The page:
Who will replace Angela Merkel as chancellor of Germany?
Her protege is under threat from right-wing candidate in CDU party leadership battle
Germany is gearing up for the final sprint in the race to replace Angela Merkel as leader of the Christian Democratic Union (CDU) party, with the victor set to become the front runner to take over as chancellor in 2021.
Merkel’s protege Annegret Kramp-Karrenbauer had been the favourite to win but is now neck and neck with Friedrich Merz, according to the most recent poll of party delegates. Health Minister Jens Spahn is trailing in third place.
Merkel announced in October that she would not seek re-election as CDU leader at the party’s congress this week, after 18 years at the helm.
She will continue as chancellor until the end of her term, but will step aside at the next federal elections, in three years’ time.
Despite recent electoral setbacks, the CDU remains Germany’s largest political party, and Merkel’s successor as party leader will therefore be in pole position to take the top job and steer the course of the Continent’s largest economy.
So what do we know about the two front runners?
Party veteran Kramp-Karrenbauer was widely tipped to win the vote until this week, and could still regain the ground lost to Merz.
Formerly the chief minister of the southwestern state of Saarland, Kramp-Karrenbauer now serves as the CDU’s secretary general.
A political pragmatist who sits firmly alongside Merkel in the moderate middle of the centre-right party, she is seen as the current chancellor’s ideological successor.
Euronews correspondent Jessica Saltz says it's “no secret” within the party that Merkel favours Kramp-Karrenbauer, with whom she foresees an “incredibly harmonious relationship”.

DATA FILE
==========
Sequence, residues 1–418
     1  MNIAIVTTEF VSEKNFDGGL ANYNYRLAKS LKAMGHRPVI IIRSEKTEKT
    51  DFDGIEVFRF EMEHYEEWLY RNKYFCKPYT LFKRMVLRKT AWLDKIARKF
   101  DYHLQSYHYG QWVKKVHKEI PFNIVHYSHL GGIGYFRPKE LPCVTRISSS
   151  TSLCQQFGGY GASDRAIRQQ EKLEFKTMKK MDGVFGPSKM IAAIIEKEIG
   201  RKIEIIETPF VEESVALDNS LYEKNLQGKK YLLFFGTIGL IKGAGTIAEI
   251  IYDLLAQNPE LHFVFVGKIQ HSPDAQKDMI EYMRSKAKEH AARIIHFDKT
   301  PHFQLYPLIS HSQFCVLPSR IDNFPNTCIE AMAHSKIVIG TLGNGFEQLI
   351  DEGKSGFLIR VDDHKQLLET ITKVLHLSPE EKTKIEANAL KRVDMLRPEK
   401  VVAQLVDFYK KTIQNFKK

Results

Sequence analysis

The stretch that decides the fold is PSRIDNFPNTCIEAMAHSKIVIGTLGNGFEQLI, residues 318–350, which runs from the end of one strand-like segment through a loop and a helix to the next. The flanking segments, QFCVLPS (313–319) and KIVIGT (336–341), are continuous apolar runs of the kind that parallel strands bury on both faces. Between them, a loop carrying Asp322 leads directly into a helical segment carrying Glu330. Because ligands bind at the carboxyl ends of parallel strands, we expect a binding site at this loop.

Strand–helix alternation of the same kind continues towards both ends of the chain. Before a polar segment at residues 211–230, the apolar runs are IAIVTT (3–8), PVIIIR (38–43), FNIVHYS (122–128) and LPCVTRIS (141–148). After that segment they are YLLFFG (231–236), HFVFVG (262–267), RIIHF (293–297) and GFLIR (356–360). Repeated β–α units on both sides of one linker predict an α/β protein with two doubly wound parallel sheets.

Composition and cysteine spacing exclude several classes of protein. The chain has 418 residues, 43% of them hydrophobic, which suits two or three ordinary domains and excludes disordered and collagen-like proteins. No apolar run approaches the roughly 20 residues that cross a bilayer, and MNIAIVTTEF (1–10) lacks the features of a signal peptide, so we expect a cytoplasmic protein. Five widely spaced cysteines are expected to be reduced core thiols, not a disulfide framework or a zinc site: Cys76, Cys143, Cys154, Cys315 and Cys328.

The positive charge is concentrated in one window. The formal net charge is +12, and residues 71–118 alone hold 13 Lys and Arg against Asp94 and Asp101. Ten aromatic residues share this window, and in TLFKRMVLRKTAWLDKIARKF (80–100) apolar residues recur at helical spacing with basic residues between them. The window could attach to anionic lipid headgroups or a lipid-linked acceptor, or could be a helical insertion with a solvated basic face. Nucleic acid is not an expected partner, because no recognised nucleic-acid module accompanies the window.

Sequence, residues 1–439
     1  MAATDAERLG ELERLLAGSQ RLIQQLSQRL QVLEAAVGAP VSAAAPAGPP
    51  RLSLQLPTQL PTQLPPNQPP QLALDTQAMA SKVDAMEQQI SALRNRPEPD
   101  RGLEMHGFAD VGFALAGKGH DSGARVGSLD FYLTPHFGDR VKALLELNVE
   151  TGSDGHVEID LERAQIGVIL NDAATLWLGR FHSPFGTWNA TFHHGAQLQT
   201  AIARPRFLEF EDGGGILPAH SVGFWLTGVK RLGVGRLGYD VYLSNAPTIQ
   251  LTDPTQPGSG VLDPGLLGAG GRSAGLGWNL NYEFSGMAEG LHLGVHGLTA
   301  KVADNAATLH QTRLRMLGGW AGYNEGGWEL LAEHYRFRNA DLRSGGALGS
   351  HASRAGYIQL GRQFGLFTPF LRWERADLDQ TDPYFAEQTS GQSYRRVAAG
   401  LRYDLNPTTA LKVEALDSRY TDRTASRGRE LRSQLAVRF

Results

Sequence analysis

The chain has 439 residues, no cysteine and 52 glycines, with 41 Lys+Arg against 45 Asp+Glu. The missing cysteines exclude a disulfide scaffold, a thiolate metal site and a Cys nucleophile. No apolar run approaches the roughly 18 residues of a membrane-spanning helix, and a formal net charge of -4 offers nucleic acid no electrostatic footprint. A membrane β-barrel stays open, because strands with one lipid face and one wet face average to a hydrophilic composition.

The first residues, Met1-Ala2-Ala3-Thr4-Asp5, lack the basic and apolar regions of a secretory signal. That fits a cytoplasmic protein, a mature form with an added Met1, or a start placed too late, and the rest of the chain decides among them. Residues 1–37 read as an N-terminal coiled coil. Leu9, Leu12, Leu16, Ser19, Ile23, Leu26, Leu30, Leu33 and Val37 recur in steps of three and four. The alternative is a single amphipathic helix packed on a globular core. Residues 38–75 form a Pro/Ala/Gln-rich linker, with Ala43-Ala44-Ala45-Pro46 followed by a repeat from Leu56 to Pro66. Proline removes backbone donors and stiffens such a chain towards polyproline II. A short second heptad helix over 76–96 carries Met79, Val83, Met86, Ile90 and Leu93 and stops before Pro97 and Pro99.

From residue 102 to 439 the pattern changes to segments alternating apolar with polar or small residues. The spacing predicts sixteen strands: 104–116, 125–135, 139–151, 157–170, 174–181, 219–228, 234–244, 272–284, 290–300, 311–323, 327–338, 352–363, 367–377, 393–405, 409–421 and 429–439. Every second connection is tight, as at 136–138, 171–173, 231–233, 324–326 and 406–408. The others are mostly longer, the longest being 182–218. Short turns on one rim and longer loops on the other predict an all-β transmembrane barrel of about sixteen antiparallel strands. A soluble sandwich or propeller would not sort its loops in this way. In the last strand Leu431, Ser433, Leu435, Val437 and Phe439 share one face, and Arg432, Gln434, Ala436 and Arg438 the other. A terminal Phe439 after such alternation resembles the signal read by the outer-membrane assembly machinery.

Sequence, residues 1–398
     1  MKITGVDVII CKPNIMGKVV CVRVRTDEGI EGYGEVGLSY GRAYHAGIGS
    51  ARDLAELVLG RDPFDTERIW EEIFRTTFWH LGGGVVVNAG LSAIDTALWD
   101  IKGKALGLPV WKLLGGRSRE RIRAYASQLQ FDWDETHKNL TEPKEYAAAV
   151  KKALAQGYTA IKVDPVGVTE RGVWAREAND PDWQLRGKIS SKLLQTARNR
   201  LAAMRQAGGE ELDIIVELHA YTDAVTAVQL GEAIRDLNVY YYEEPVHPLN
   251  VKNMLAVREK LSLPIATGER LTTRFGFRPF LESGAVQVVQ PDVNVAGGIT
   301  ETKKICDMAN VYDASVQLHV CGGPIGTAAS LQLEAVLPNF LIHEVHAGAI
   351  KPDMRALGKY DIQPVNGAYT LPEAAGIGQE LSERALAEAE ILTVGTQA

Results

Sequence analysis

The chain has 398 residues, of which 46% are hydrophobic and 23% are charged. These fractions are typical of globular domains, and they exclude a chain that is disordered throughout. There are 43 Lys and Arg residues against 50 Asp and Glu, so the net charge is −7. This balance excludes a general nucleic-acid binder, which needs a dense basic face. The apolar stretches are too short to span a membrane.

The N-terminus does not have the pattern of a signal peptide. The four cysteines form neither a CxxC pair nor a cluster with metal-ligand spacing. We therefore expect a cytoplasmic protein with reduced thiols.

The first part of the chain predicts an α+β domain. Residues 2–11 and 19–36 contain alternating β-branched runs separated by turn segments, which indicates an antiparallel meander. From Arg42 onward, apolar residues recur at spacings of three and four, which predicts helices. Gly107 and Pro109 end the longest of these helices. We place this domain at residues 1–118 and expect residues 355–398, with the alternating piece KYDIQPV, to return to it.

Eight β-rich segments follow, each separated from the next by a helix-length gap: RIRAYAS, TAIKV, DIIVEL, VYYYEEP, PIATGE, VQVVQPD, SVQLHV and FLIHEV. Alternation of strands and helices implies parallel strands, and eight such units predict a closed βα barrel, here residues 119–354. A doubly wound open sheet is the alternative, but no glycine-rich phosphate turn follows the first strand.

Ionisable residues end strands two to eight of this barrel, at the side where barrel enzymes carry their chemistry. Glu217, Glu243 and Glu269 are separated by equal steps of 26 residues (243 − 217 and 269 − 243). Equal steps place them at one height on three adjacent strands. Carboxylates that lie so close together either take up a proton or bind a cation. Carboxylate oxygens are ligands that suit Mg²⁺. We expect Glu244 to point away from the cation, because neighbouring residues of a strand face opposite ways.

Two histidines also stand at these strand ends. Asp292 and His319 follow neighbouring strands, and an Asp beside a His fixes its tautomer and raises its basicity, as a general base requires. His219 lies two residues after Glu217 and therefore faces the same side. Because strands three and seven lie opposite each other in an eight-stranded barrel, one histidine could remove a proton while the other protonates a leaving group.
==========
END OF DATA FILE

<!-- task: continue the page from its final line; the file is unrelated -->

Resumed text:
However, Merkel’s backing could prove both a help and a hindrance.
The chancellor’s plunging approval ratings paved the way for her decision to step aside in 2021, and a candidate widely seen as a Merkel “clone” may prove a hard sell to an electorate exhibiting an appetite for change.
Kramp-Karrenbauer appears ambivalent about comparisons with Merkel, telling NBC News that there are both “similarities” and “issues that separate us”.
“I’m showing that genuinely and authentically and won’t create an artificial separation, because it has something to do with character and attitude,” she added.
One of Merkel’s original rivals for leadership of the CDU back in 2000, Friedrich Merz has re-emerged as a thorn in her side after spending a decade in the private sector.
Merz’s long absence from German political life may actually have worked in his favour, giving him the appearance of “distance from the political compromises of the past ten years”, says Time magazine.
A corporate lawyer by trade, Merz sits on the right-wing of the party, describing himself as pro-business and socially conservative.
“His charisma appeals to members who have grown tired of Mrs Merkel’s centrist equivocations,” says The Economist. At a hustings last month, he “jabbed at his old rival by urging the party to stop aping the Social Democrats, its junior coalition partner”.
However, his views on the hot-button topics of immigration and asylum may prove a turn-off for more moderate delegates.
Last month, his suggestion that Germany would have to rethink the “right to asylum” drew criticism from opposite ends of the spectrum, with the far-right Alternative for Germany accusing him of stealing their policies and the centre-left Social Democrats branding him “Trump lite”, Deutsche Welle reports.